NCAA fails in sideline Twitter ban

A college football division (the American kind) has u-turned
on its policy that attempted to clamp down on bloggers and amateur
sportswriters, effectively ‘banning’ social media from its stadiums, by
prohibiting fans from recording sideline video, audio or photographs – oh yeah,
and the illegal Tweeting about games.

 

The NCAA’s South Eastern Conference, arguably the US’ most
fearsome college football division, issued new rules for fans at all game
events – no Twitter feeds, no Facebook photos, no YouTube videos.

 

Understandably, the outrage was swift and immediate, as
hundreds of angry fans took to the internet to express their disbelief.

 

No Twitter feeds? Seriously?!

 

The official policy, released Monday, said fans could not
“produce or disseminate (or aid in producing or disseminating) any
material or information about the event, including, but not limited to, any
account, description, picture, video, audio, reproduction or other information
concerning the event.”

 

Within a day, three leading media organisations sent a
letter to the SEC, protesting the restrictions – and with due cause, the rules
affected big media too (ie, the Twitter thing and SEC videos used on newspaper
websites).

 

The SEC hastily backtracked on its policy, issuing a public,
and defeated tweet (yeah, a tweet): “To our Twitter fans, we have heard
you. We’re working on clarifications to our policy and should have something
done soon.”

 

A SEC spokesman has since said: “The intent of the
policy was never to eliminate social media” adding, “Twitter fans,
please share the great times you have at our stadiums with your friends”.

 

The spokesman, Charles Bloom, hit the nail on the head with
this one: “We probably took traditional media rights language and tried to
apply it in a new media world.”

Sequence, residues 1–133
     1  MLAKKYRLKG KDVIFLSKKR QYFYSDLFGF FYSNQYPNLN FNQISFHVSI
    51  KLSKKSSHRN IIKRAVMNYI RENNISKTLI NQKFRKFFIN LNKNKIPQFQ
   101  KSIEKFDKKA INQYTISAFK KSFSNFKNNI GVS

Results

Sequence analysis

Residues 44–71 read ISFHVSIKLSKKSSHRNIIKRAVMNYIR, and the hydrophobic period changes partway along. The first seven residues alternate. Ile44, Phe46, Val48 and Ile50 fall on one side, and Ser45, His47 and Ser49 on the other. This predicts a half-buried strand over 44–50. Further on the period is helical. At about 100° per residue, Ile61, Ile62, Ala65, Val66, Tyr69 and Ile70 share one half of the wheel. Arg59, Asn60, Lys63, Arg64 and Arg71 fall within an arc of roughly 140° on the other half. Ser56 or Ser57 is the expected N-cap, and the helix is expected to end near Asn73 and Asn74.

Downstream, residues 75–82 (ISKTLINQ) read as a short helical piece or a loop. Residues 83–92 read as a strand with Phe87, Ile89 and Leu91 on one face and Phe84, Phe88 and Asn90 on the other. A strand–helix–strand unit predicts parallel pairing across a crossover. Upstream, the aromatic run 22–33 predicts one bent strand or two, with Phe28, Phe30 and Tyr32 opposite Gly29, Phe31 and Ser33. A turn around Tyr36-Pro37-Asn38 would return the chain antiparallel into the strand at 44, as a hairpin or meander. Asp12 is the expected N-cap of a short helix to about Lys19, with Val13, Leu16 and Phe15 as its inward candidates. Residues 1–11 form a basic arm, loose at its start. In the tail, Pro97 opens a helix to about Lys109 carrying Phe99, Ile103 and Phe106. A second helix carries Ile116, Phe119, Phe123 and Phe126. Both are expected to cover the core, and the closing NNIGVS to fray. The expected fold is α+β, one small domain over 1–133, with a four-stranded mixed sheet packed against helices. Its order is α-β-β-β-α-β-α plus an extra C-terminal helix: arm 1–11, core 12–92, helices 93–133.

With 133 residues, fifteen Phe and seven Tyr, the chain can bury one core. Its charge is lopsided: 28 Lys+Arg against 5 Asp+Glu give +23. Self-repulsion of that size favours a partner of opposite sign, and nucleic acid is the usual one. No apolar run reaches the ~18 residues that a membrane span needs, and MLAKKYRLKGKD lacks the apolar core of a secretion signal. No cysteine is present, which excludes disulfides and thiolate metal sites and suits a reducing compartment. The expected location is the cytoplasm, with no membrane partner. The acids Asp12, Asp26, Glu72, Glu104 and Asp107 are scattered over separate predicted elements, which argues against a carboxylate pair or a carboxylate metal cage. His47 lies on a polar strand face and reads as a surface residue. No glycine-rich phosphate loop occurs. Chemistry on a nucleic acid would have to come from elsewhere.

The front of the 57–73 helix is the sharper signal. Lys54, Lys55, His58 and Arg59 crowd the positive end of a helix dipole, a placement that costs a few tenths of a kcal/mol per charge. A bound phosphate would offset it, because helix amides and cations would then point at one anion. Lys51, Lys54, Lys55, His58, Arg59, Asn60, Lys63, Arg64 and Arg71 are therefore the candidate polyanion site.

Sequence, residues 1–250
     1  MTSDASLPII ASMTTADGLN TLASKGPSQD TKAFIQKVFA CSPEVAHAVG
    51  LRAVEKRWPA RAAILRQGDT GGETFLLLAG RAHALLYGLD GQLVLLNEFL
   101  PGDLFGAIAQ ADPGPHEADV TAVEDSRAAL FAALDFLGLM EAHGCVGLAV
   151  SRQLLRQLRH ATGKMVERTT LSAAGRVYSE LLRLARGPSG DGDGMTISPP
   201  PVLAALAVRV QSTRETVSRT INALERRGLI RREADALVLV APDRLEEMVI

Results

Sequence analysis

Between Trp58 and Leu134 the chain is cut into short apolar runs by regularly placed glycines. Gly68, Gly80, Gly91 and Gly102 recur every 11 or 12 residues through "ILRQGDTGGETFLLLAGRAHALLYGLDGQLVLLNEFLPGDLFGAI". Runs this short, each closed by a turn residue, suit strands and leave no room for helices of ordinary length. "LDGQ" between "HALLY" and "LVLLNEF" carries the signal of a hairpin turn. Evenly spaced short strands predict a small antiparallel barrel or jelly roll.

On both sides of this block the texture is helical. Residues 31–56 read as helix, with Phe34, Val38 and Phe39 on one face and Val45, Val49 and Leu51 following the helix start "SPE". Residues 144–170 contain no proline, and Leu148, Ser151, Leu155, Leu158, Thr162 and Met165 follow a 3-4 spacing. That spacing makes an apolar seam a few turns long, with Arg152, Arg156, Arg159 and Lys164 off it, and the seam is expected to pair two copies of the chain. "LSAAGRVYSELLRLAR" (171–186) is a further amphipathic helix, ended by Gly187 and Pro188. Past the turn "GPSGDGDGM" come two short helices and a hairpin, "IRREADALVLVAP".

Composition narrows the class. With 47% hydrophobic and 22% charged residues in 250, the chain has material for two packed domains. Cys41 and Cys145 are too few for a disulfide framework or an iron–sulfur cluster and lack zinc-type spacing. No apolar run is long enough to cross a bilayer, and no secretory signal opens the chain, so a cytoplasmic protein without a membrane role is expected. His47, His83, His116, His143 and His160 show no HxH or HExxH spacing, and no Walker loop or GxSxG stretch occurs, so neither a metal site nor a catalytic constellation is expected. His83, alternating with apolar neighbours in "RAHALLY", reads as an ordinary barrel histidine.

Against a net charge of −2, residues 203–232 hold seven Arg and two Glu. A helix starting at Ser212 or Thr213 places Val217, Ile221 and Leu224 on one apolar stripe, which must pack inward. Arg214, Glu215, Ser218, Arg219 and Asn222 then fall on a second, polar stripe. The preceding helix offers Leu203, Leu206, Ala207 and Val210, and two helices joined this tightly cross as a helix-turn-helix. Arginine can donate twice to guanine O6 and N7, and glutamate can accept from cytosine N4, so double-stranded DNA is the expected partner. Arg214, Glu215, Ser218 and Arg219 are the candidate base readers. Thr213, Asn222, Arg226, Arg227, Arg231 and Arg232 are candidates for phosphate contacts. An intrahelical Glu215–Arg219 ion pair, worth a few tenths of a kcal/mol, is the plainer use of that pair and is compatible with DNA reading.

Hear, hear!

The revised policy now reads “personal messages of
scores or other brief descriptions of the competition throughout the event are
acceptable.”

Games can’t be recorded on video, but pictures can be taken
for personal use.

 

College football in the United States is a huge billion
dollar industry, with its fans renowned as some of the loudest, drunkest, most
fervent louts in the world of sport.

Why the bigwigs at the SEC wanted to take away their fans Twitter and YouTube
is understandable – money – but they honestly could not have thought that they
were going to get away with such blatantly draconian restrictions.

 

Does it remind anyone of the state of the music industry,
but on a larger, real life scale? Ivory towered suits issuing ridiculous thou
shalt not’s towards their dedicated fan base at the behest of their bottom
lines?

 

If anything, it serves as an example of social media
secretly worming its way into every facet of our waking lives. Who would have
thought that Tweeting about a football match would be deemed illegal, like,
ever?

 

Is this where we are headed, where live, public events are
not to be broadcast through our own trivial means, seems like a step in the
wrong direction to me.

 

Just another clumsy attempt of big-boardrooms trying to lock
down the growth of social media, good luck with that.

 

  • Jacquie Bowser

    No Tweeting? How ridiculous.

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